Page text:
It seems like everything is getting smaller in Germany. I read today that Germany’s longest word (63 letters) has been abandoned. It also seems that their jobs are getting smaller and more people are being forced into them. The so-called “mini-jobs”. Meanwhile Europe’s crowning glory and austerity’s greatest achievement lies a little south of the mini-job kingdom. Eurostat’s latest – Regional labour force data – tells us that in some regions in Spain and Greece, the unemployment rates of the 15-24 year olds have topped 70 per cent and will continue to rise. There are now an increasing chorus in the media from politicians and financial market types who are trying to dress all this up as good news. Apparently, the Greek share market is booming. The agenda is clear – if they can somehow convince the world that the devastation of Greece is “good news” then it will reduce the growing resistance to austerity that is starting to broaden the debate. The elites don’t want any moderation. So they have to re-construct devastation to appear to be bringing good outcomes. The madness continues. Tell the 15-24 year olds in Dytiki Makedonia that things are going along swimmingly!

Read More

Neo-liberalism – the antithesis to democracy

I recall a professor in my student days (formal that is, given we are always students if we remain open) telling a postgraduate class that economic development could only occur if the social democratic pretensions of the left, including tolerance of trade unions, were suppressed – “in the interests of progress”. He laughed and said that it was no surprise that the most right-wing nations grew the fastest. His poster child was South Korea. I recalled that experience when I read two articles recently in the UK Guardian. They are reflections on how neo-liberalism is really the antithesis to democratic ideals. The so-called free markets have nothing to do with freedom or political inclusion.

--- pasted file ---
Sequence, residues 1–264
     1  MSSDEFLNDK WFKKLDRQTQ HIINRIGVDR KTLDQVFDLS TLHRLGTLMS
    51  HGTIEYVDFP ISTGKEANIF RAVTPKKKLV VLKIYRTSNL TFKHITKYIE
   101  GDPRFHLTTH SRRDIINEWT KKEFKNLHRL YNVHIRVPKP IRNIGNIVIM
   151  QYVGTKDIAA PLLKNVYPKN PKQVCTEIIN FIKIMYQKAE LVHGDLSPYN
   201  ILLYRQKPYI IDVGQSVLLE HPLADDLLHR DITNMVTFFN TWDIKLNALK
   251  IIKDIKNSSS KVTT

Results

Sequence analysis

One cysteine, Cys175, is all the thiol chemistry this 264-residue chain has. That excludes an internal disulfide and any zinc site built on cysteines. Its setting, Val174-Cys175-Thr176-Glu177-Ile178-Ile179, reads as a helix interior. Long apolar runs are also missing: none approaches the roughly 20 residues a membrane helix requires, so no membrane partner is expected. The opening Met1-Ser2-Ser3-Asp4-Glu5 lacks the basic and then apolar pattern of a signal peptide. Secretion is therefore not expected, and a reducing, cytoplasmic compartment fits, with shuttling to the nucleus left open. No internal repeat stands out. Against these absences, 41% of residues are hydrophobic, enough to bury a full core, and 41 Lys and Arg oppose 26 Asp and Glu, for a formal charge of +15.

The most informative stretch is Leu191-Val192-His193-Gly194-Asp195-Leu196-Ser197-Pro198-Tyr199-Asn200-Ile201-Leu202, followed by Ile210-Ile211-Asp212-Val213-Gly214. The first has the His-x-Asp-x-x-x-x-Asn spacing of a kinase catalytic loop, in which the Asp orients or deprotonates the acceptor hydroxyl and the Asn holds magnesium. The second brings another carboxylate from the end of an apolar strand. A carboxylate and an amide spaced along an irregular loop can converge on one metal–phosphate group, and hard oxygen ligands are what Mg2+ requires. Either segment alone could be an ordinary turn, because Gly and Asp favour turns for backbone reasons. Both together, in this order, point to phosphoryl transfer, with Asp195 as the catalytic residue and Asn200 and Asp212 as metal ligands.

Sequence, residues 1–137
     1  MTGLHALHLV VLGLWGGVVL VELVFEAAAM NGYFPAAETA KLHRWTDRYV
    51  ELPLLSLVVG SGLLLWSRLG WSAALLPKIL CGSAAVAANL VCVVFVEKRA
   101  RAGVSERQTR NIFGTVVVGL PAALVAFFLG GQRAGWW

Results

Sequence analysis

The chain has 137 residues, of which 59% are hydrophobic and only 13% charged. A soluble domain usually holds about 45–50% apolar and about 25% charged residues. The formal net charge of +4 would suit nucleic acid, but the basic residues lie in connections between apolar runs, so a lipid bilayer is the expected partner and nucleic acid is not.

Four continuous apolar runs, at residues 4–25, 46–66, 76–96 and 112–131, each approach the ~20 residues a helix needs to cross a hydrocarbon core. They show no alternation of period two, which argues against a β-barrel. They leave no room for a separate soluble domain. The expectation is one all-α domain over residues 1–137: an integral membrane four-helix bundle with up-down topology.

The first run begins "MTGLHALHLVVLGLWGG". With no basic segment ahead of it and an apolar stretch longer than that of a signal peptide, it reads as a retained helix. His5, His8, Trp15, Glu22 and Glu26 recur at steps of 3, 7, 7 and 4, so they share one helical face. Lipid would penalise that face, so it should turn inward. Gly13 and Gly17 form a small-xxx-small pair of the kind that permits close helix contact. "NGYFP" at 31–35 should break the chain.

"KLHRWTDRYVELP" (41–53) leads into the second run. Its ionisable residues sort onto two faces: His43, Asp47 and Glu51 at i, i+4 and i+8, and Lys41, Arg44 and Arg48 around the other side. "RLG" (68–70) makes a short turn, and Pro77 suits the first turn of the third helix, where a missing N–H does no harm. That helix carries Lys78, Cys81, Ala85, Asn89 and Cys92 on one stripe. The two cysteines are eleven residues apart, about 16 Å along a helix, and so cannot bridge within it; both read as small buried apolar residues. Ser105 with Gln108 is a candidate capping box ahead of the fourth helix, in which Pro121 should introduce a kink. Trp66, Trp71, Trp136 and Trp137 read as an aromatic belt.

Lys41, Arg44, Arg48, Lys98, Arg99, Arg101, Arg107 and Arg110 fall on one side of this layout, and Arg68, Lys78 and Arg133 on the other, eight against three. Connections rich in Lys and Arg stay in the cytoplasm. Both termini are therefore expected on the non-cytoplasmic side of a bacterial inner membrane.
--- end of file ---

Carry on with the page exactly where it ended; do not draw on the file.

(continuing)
Read More

British labour market – bad and getting worse

The angst in Britain about the form of the funeral for the Witch goes on. I liked the suggestion of filmmaker Ken Loach who suggested the whole affair be privatised and outsourced with competitive tenders determining the outcome. Hypocrisy rules though and the Conservative government will spend a pretty penny on the effort as a means of presenting her legacy in some good light. They won’t succeed because people know! With the latest British labour force data due out tomorrow, I was interested to read an interesting forensic study of recent labour market trends in Britain. The official line from the Government is that things are improving and “see, our policies are allowing those who want to work hard to achieve their aspirations”. The paper, which I discuss in this blog, tells us that those narratives are not even remotely true. Despite the official summary labour force statistics, once one digs more deeply into the data the trends are bad and getting worse.

Read More

Society buckled and is damaged but has never disappeared

Remember that her own party got rid of her in the end because she even became a liability to them. She was always a liability to the prosperity of the British people and despite her obsession with incentives and individual action, she undermined both by wrecking the macroeconomy in Britain. The news today is all about the death of the former British PM. There will be a lot of revisionism going on. I don’t plan on a chapter and verse discussion of the legacy of the shopkeeper’s daughter. Apart from the cruelty that was imposed on individuals, particularly the poor, her policies hollowed out the British economy and opened up the door for the parasitic financial sector to take centre stage, with the disastrous consequences that are now for all to see. I could talk about all of that. But to me the biggest impact of her period in office was that it marked the beginning of the end of the social democratic parties. Labour and the Tories became neo-liberal lookalikes. Sure enough, the Tories spoke better and had better table manners. But when the economic policy positions were distilled to their essence, the Labour Party, like so-called progressive parties everywhere, started to sound more right-winged than the Tories themselves. That is what I think is her grim legacy for the weak and the poor of the world.

Read More
Back To Top